The Condor (Mark I) was June Sky’s first attempt at an autonomous unmanned ariel vehicle (UAV). The premise behind the build was to design and construct a glider that could sustain autonomous flight for up to 50 miles when dropped from a weather balloon payload above 100,000 feet. Hunter was tasked with designing and manufacturing the glider, while Rohan worked on telemetry and the autopilot system.

A lot of planning went into the initial design, however many iterations were still included in the final design. Hunter began with determining a compact, high-lift, high-drag design that could be manufactured with enough strength to endure the high winds speeds in the upper atmosphere. He settled on a single wing shape with a airfoil similar to that of a hang glider.

The key here was finding a design that had a lot of lift and a high drag factor. Since the goal of this glider was to be dropped from a high altitude, a large amount of lift would ideally help it out of the initial free fall in the thin-air conditions. The high drag factor would also help keep it from gaining too much speed during the initial drop from the balloon payload. If the wing gained a high enough speed out of the drop, the possibility arrises that it wouldn’t be able to recover from the free fall without shearing its wingtips clean off due to the force of the air resistance duringĀ a pull-up maneuver.

This is when Rohan’s autopilot system is supposed to kick in. The system, equipped with a GPS, accelerometer, gyroscope, barometer, and a telemetry module, would be able to know the wing’s speedĀ and orientation and would correct it without putting enough torque on the wing to snap it during maneuvers. The autopilot system’s goal is to make the wing autonomously return to the balloon’s launch point.

There were two main reasons for this experiment: the first being that it was a competition criteria in the Global Space Balloon Challenge. The challenge was to have your payload return to the launch location. The biggest problem that arrises with this is that it is illegal to drop any sort of UAV from a weather balloon in commercial air space. It is also illegal to pilot a UAV above 400 feet of altitude and out of eyesight. While we never actually sent this plane up on a weather balloon payload, the possibility of it happening someday is really an exciting notion.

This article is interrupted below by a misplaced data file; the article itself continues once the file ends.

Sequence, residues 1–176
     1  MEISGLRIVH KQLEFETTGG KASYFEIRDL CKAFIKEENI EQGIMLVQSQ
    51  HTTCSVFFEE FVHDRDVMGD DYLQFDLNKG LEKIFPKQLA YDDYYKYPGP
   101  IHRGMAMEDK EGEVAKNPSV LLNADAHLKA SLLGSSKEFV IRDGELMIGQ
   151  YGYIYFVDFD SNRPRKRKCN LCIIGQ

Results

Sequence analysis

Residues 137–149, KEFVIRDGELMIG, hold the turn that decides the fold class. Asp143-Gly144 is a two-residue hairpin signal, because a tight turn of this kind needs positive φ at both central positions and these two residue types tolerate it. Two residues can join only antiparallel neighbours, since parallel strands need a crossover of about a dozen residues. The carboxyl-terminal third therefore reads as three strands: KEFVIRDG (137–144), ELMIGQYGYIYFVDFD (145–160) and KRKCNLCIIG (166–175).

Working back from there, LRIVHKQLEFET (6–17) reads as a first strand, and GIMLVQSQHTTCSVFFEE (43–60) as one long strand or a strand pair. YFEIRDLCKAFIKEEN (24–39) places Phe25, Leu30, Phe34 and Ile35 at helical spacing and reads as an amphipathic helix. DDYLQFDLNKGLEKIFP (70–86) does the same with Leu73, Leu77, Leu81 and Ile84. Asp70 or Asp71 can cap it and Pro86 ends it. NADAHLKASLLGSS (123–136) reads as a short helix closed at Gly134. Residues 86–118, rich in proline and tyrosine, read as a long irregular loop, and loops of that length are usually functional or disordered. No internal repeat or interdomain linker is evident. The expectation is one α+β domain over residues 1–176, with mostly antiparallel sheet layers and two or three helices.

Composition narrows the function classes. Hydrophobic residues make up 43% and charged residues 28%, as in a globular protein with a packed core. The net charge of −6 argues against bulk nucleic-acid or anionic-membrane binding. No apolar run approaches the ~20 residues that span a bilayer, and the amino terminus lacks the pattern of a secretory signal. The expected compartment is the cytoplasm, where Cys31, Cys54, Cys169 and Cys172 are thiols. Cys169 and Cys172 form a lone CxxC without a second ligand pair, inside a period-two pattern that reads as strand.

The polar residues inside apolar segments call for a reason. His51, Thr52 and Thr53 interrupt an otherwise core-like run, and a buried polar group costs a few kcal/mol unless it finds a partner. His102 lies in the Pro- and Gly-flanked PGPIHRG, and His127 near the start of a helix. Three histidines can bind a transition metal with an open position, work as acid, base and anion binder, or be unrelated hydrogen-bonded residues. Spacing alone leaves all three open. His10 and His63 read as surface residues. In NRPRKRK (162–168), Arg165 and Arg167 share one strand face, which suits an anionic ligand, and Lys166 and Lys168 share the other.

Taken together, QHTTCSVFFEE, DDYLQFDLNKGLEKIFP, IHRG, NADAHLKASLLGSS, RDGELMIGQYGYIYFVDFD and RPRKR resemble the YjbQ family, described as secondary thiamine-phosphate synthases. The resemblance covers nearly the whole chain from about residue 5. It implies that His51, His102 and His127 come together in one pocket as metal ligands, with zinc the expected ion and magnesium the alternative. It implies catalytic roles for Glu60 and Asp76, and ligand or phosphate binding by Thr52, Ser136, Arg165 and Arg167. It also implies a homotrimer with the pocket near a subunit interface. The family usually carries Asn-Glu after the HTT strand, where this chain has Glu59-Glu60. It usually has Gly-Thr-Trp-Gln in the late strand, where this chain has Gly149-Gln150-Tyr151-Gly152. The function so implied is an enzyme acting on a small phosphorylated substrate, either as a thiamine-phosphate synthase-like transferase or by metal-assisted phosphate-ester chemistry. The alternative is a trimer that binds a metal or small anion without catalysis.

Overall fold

That leads us to the second reason for trying this experiment: efficiency. Every time we launch a weather balloon, we drive hours to recover it, only to drive hours back home after recovery. Since we launch our balloons in central Illinois, the jet stream is almost always overhead as well, which makes our balloons travel even further east. Having our payload and experiments housed in a UAV that can be dropped from the balloon when it reaches altitude would save us hundreds of dollars in gas, as well as equipment. We try to reuse payload boxes from previous weather balloon flights, but most end up getting damaged on impact. Having a UAV that would land the payload safely to the launch position would ensure the UAV’s reusability for future flights as well as the equipment’s safety.

While this experiment is currently illegal for us to conduct, we hope to try it in the future legally with the FAA or other US defense administrator.